Collaborative Competence during preschooler’s Peer Interactions: Considering Multiple Levels of Context within Classrooms

  • Rebecca GarteEmail author
Regular Article


The present study introduced an interaction based, contextually contingent method for the study of social competence among preschoolers from low income families of color. Contrary to prevailing methods that assess social competence among individual children, this study used the interacting group as the unit of analysis. The constructs of intersubjectivity and collaborative complexity were adapted for an observational measure of 277 naturally occurring episodes of children’s free play. The results of a multi-level analysis demonstrated a significant impact of the flexibility of the play environment and the characteristics of the peer group on the social complexity of children’s peer interactions during play. To explain the study’s findings a theory of how children’s collaborative competence emerges according to the features of the physical and social context is proposed. More specifically, there is a bi-directional relationship between the flexibility of space and materials in the immediate play environment and children’s focus on either interpersonal dynamics or collective goals of shared activity during peer play interactions. Implications for both empirical study and theorization of children’s collaborative competence is discussed. More specifically, the need for measures that consider the interactive nature of social development, include non-verbal indicators of collaborative competence and consider environmental influences on children’s peer interactions is highlighted. Including consideration of collaborative competence as framed by shared activity and collective goals during peer interactions in an understanding of social competence, rather than an exclusive focus on individual development of social skills is proposed.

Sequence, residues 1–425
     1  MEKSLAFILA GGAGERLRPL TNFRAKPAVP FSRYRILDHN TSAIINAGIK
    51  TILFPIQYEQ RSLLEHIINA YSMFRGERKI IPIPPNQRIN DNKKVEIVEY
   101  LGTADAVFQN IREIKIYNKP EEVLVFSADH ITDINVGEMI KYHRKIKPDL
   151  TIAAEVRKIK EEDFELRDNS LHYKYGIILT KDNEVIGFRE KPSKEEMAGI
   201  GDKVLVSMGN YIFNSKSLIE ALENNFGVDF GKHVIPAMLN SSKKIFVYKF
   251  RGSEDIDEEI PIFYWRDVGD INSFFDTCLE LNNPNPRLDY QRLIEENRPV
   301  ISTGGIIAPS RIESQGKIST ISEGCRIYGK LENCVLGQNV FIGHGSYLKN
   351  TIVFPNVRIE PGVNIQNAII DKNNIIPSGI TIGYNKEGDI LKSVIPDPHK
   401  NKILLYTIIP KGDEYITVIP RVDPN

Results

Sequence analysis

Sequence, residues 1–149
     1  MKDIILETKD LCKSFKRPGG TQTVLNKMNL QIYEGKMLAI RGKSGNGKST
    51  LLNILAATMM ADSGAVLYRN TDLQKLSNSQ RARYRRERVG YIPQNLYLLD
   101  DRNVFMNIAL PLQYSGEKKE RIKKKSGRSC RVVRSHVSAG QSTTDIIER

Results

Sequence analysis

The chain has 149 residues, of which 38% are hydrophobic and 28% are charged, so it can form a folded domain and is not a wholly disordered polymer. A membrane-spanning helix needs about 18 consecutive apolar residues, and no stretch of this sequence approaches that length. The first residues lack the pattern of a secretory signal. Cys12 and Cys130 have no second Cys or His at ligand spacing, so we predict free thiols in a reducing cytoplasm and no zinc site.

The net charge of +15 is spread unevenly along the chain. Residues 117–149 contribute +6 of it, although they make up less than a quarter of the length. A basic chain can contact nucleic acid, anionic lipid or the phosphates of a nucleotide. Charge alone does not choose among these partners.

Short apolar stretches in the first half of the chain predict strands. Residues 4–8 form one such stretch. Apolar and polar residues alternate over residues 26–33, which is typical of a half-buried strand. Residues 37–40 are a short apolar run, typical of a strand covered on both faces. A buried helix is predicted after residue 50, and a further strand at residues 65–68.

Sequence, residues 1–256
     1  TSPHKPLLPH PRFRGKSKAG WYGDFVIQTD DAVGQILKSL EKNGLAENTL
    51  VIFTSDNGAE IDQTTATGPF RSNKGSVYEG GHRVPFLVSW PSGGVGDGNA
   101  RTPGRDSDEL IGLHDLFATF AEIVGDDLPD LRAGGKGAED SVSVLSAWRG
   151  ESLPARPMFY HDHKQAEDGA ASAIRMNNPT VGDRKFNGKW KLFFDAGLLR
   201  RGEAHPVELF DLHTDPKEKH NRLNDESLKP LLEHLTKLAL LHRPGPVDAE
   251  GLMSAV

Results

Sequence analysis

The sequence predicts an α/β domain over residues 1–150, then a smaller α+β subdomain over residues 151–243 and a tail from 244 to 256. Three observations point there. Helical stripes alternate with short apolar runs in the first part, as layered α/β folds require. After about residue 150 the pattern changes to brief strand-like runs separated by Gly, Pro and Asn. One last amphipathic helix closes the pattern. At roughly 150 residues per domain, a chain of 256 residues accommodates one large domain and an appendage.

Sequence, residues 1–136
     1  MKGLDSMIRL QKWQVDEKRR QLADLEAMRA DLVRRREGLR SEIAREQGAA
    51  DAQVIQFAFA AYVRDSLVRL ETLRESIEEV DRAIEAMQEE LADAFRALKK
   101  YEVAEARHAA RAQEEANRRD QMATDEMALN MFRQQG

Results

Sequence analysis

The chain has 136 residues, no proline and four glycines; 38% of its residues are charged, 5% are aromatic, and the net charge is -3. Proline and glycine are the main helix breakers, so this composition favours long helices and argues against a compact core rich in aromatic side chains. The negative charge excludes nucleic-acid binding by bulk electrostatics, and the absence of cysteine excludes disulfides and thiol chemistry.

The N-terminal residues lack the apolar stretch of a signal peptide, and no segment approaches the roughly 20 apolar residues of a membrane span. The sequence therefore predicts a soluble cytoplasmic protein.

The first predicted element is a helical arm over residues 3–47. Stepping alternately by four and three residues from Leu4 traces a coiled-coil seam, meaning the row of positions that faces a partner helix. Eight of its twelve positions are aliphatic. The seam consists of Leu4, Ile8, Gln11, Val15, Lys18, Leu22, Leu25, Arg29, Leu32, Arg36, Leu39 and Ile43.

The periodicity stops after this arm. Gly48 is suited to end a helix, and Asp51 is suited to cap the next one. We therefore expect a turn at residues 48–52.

Preschoolers Social competence Intersubjectivity Peer interactions Collaborative play 



I would like to acknowledge Rui Lu of Teacher’s College, Columbia University for his assistance with this manuscript. I would also like to thank Anna Stetsenko for her mentorship in relation to this manuscript.

Compliance with Ethical Standards

Conflict of Interest

The author of this manuscript, Rebecca Garte, declares that she has no conflicts of interest.

Ethical Approval

All procedures performed in studies involving human participants were in accordance with the ethical standards of the Institutional Review Board and with the 1964 Helsinki declaration and its later amendments or comparable ethical standards.

Informed Consent

Informed consent was obtained from all individual participants included in the study.


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© Springer Science+Business Media, LLC, part of Springer Nature 2019

Authors and Affiliations

  1. 1.The Borough of Manhattan Community College of the City University of New YorkNew YorkUSA

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